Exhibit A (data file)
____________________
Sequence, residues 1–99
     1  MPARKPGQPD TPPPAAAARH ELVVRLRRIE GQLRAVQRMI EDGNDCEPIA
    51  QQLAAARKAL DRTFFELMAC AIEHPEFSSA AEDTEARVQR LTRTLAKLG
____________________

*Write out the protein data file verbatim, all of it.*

Sequence, residues 1–99
     1  MPARKPGQPD TPPPAAAARH ELVVRLRRIE GQLRAVQRMI EDGNDCEPIA
    51  QQLAAARKAL DRTFFELMAC AIEHPEFSSA AEDTEARVQR LTRTLAKLG